Composability risk is the risk that a problem in one system can cascade into other connected systems. For example, LP positions in the Y Curve pool take on the composed risks of USDT, Dai, USDC, TUSD, Compound, Aave, and Curve. In the design of a Curve AMM pool, if one of these components were to fail, the value of the whole pool would cascade to zero.
Gyroscope solves this, while maintaining capital efficiency, by stratifying composability risks.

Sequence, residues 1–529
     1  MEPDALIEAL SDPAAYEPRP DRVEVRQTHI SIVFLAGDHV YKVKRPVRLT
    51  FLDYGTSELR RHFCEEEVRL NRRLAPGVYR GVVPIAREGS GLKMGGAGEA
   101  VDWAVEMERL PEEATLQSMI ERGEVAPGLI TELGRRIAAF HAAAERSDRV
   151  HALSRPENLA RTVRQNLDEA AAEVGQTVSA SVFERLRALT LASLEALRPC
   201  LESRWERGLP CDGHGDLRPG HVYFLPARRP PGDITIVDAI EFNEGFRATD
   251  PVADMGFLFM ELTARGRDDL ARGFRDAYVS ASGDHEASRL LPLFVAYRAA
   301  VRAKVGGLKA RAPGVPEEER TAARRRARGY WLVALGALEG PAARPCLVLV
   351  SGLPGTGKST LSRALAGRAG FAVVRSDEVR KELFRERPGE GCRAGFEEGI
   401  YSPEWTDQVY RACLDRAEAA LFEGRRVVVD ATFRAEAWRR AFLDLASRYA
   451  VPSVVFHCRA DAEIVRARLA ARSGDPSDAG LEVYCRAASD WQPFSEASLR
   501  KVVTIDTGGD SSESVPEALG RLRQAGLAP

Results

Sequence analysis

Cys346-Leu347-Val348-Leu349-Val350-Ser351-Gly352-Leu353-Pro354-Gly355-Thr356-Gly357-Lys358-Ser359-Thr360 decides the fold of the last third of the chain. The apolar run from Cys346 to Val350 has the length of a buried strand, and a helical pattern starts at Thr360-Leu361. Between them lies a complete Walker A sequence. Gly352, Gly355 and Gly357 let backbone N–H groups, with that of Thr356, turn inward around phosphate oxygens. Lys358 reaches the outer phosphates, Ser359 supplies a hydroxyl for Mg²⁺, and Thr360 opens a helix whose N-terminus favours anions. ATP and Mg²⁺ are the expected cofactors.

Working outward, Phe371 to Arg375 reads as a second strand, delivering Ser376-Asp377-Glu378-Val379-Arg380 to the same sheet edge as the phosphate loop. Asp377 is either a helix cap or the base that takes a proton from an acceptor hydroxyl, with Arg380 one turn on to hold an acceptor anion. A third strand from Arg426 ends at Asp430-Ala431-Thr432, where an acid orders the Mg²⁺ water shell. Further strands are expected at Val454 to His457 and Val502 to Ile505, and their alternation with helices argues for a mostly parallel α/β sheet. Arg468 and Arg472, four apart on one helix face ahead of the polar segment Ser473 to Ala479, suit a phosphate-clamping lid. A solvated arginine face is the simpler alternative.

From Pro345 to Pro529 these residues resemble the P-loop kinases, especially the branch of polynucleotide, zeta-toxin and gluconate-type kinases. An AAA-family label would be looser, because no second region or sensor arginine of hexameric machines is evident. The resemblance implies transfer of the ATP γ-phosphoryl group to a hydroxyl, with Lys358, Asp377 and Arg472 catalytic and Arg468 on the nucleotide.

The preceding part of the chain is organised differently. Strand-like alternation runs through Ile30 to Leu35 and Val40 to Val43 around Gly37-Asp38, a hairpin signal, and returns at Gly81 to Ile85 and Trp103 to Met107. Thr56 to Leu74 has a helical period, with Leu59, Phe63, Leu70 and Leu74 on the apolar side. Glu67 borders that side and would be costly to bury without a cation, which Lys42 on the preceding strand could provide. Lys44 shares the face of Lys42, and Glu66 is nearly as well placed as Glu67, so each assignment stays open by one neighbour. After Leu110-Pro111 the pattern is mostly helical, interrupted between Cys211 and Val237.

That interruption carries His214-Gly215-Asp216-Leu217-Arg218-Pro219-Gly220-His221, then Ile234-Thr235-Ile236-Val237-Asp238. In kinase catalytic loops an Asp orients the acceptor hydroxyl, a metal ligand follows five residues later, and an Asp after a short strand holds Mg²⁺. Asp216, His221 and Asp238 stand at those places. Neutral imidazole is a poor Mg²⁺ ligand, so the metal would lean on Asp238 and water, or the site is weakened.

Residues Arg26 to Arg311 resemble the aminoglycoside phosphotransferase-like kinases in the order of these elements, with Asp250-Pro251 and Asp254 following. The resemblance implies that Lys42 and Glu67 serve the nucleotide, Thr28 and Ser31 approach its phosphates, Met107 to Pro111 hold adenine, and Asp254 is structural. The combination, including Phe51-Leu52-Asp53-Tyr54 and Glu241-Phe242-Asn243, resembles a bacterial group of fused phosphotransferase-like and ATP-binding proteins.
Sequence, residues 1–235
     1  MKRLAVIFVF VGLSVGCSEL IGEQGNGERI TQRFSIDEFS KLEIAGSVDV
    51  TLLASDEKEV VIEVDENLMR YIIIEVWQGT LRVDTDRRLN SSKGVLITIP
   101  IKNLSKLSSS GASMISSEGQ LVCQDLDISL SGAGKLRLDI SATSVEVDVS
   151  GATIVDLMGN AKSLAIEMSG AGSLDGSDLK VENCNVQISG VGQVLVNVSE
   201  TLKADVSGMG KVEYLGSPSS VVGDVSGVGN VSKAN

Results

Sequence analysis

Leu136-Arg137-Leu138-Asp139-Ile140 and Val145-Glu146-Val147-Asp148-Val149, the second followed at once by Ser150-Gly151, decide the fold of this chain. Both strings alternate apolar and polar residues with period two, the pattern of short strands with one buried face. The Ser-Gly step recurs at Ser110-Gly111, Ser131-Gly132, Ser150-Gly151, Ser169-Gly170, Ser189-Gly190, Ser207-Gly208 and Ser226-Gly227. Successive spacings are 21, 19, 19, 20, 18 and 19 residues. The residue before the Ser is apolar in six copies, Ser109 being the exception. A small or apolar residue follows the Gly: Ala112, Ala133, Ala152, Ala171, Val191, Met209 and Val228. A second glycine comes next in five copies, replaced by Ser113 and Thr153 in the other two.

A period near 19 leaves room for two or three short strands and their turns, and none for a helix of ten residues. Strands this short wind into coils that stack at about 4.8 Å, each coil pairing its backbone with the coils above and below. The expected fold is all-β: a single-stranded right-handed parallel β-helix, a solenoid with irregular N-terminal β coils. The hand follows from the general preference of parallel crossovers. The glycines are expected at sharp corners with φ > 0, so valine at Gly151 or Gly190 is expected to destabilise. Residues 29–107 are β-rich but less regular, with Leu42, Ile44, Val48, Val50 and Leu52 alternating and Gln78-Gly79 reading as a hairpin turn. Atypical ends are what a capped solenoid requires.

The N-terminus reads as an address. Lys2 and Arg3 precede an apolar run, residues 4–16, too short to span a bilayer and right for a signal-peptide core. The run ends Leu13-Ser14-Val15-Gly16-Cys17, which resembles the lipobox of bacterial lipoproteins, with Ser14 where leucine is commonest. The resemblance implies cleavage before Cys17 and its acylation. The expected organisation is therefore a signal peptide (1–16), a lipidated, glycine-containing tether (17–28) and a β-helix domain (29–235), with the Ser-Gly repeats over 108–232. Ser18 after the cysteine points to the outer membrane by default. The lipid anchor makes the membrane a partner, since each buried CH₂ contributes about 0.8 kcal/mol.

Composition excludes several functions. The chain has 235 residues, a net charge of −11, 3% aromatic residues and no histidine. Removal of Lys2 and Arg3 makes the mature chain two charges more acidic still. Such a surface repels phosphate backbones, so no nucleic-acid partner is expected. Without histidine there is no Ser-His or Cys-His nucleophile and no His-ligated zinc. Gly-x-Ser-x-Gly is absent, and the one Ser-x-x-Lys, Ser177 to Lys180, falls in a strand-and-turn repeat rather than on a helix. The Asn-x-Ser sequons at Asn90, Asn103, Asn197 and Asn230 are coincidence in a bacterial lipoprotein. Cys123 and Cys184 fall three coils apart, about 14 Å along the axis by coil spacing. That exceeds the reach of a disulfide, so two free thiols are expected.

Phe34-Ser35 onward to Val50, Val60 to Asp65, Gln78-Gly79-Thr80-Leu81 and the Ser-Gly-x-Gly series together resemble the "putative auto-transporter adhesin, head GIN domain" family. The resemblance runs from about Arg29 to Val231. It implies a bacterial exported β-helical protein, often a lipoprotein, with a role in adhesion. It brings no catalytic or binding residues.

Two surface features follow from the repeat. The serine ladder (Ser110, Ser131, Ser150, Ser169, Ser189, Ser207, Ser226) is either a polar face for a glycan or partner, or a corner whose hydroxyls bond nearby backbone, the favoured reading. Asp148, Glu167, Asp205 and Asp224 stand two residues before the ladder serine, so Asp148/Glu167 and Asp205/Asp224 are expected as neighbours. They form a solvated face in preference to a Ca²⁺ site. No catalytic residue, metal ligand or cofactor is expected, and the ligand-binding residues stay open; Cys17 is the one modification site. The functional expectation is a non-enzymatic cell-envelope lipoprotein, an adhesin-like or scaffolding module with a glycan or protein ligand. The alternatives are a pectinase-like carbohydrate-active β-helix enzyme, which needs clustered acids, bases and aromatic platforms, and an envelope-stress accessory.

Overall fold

The Gyroscope reserve is separated into lower-level vaults (triangles in the above figure) with carefully contained risks. There are little overlapping risks between the vaults. The failure of an individual vault then has no effect on the remaining vaults. If vaults should fail (if a triangle is removed in the above figure), the Gyroscope system will remain stabilized at $1 through the peg coordination mechanism (described fully here). After a vault failure, the Gyroscope reserve can also recover back to full strength through the yield earned on reserve assets in the remaining vaults.